This error is caused by the fact that we have set the flight_number column as the primary key and hence it has to be unique. That’s why SQLite prevents us from inserting another record with the same flight_number.

That’s a good way to prevent errors that otherwise could be caused by having multiple records with the same flight_number.

How to Insert Multiple Records Into an SQLite Database With Python

If you are just starting to create your Python application you might want to populate the database with enough data to do a good level of testing while developing the code.

This means you will have to insert multiple records into the table we have created.

To insert multiple records into an SQLite table using Python you can define a list of tuples where every tuple is the data for a single database record. Then use the function cursor.executemany() and pass the list of tuples to it.

Below we define the list of tuples data and then we use it to insert multiple rows into the table.

data = [
    ("BD36457", "New York", "Los Angeles"),
    ("SZ37486", "Milan", "London"),
    ("BT34567", "Oslo", "Copenhagen"),
    ("RS25690", "Madrid", "Turin")
]

cursor.executemany("INSERT INTO flights (flight_number, origin, destination) VALUES (?, ?, ?)", data)
conn.commit()

After inserting the data you can see the data stored in SQLite. The new rows are visible in the table using the sqlite3 client.

sqlite> select * from flights;
AZ12345|Rome|Paris
BD36457|New York|Los Angeles
SZ37486|Milan|London
BT34567|Oslo|Copenhagen
RS25690|Madrid|Turin

Looks good, we have inserted multiple rows into our SQLite database table.

How to Create a Query to Read Data From SQLite in Python

Now that we have inserted data into an SQLite database using Python, the next step is to learn accessing data.

How do we fetch data from an SQLite database and convert it into data structures we can use in a Python program?

To read database rows from an SQLite table using Python you can use the function cursor.execute() to execute a “SELECT FROM” SQL statement. Then use the function cursor.fetchall() to get back the data as a list.

cursor.execute("SELECT * FROM flights")
flights = cursor.fetchall()

After executing the “SELECT FROM” SQL statement we use cursor.fetchall() to get the data back as a list. With a print() statement, we can confirm that the data type received is a list.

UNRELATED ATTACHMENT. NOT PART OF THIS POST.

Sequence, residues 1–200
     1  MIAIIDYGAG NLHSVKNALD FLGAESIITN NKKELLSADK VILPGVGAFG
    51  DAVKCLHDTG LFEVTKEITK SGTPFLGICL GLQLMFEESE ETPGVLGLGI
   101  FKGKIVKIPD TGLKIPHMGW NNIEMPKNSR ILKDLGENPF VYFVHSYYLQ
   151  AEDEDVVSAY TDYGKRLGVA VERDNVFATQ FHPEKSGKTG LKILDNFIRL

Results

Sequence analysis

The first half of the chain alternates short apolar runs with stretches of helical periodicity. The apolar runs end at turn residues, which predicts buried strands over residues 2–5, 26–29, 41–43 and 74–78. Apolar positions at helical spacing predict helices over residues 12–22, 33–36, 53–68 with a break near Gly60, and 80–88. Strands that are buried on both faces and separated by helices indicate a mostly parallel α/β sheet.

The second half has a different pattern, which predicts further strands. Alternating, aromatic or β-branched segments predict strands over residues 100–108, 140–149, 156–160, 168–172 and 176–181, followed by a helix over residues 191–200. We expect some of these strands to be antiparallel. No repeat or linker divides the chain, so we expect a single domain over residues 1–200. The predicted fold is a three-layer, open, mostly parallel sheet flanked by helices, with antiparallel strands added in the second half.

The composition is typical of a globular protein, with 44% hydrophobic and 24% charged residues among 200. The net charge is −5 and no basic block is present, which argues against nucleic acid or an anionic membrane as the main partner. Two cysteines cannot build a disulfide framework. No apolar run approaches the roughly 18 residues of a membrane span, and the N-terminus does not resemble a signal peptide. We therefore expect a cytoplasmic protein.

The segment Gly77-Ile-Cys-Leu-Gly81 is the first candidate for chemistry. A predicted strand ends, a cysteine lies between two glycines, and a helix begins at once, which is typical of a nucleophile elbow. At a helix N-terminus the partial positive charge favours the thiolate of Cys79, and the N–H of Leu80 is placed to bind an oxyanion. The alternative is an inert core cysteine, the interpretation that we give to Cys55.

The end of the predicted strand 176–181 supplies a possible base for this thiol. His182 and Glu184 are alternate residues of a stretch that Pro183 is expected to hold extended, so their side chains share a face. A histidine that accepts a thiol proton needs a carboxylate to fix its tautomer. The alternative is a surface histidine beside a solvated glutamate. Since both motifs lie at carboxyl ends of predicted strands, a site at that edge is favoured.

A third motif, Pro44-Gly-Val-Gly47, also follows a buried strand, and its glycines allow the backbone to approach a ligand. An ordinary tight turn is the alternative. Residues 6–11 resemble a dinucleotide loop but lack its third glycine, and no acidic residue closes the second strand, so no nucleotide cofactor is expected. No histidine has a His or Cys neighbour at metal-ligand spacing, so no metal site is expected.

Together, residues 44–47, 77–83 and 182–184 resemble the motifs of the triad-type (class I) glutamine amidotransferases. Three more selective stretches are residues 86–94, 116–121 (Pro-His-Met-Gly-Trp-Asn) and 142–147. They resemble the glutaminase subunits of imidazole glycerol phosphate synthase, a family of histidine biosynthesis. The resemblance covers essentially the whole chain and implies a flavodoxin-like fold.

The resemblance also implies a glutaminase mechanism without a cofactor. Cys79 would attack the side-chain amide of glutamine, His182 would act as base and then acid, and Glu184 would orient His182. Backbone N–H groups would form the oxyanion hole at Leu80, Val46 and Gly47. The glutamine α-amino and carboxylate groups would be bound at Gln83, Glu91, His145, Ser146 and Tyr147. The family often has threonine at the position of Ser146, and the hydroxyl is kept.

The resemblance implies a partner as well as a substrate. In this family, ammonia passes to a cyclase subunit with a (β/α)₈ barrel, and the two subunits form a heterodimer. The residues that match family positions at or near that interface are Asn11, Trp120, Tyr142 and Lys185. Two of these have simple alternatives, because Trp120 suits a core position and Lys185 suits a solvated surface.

print(type(flights))

[output]
<class 'list'>

And now let’s have a look at the content of this Python list.

print("Flights: ", flights)

[output]
Flights:  [('AZ12345', 'Rome', 'Paris'), ('BD36457', 'New York', 'Los Angeles'), ('SZ37486', 'Milan', 'London'), ('BT34567', 'Oslo', 'Copenhagen'), ('RS25690', 'Madrid', 'Turin')]

As you can see we got back a list of tuples.

Nice one, now we can use it the way we want in our Python application.

And now, let’s apply a condition to our SELECT statement.

cursor.execute("SELECT * FROM flights WHERE origin = ?", ("Rome",))
flights = cursor.fetchall()
print("Flights from Rome: ", flights)

Here is the data we get back from the SELECT.

Flights:  [('AZ12345', 'Rome', 'Paris')]

It’s correct!

How to Update a Row in an SQLite Table using Python

Let’s continue exploring the sqlite library.

We have created data in our database table, now let’s see how to update that data.

Assume the data for the flight from New York is incorrect and that flight it’s actually supposed to have Boston as the origin.

Let’s fetch the data for the flight we want to update.

cursor.execute("SELECT * FROM flights WHERE origin = ?", ("New York",))
flights = cursor.fetchall()
print("Flights from New York: ", flights)

[output]
Flights from New York:  [('BD36457', 'New York', 'Los Angeles')]

Now execute an UPDATE SQL statement to change the origin of this flight from New York to Boston.

cursor.execute("UPDATE flights SET origin = ? WHERE flight_number = ?", ("Boston", "BD36457"))
conn.commit()

And then confirm the record has been updated by fetching flights from New York and Boston.

cursor.execute("SELECT * FROM flights WHERE origin = ?", ("New York",))
flights_from_new_york = cursor.fetchall()

cursor.execute("SELECT * FROM flights WHERE origin = ?", ("Boston",))
flights_from_boston = cursor.fetchall()

print("Flights from New York: ", flights_from_new_york)
print("Flights from New York: ", flights_from_boston)

The output is:

Flights from New York:  []
Flights from New York:  [('BD36457', 'Boston', 'Los Angeles')]

This confirms that we have updated the database record correctly.

How to Delete an SQLite Record From a Table in Python

And what if one of the records we have inserted into our table is incorrect?

How can we delete that SQLite record?

In a similar way to what we have done before, we can pass a DELETE SQL statement to cursor.execute().

cursor.execute("DELETE FROM flights WHERE flight_number = ?", ("BT34567",))
conn.commit()

After deleting the record above based on the flight_number, we can use a SELECT statement to verify that the record is not present anymore in the table.

cursor.execute("SELECT * FROM flights")
flights = cursor.fetchall()
print("Flights: ", flights)

[output]
Flights:  [('AZ12345', 'Rome', 'Paris'), ('BD36457', 'Boston', 'Los Angeles'), ('SZ37486', 'Milan', 'London'), ('RS25690', 'Madrid', 'Turin')]

The database record has been deleted successfully.

How Do I Close An SQLite Connection with Python?

To close the connection to your SQLite database you can call the following Python statement that uses the connection close() function. The function close() is not called automatically, you have to remember to call it manually.

conn.close()

It’s important to remember to commit all your changes using the function commit() before closing the database connection. If you don’t do that you will lose pending changes.

This concludes our tutorial about the Python sqlite3 module.

Wrapping Up This Python SQLite Tutorial

After going through this Python sqlite tutorial you know how to work with the SQLite database and to execute CRUD operations to:

  • Insert a record into a table (Create).
  • Fetch records from a table (Read).
  • Update a record in a table (Update).
  • Delete a record from a table (Delete).

Now it’s time to use this knowledge to create a Python application that uses backend data storage.

Related article: one of the Python types we have talked about in this tutorial is the tuple. Get familiar with this data type by going through a Codefather tutorial about Python tuples.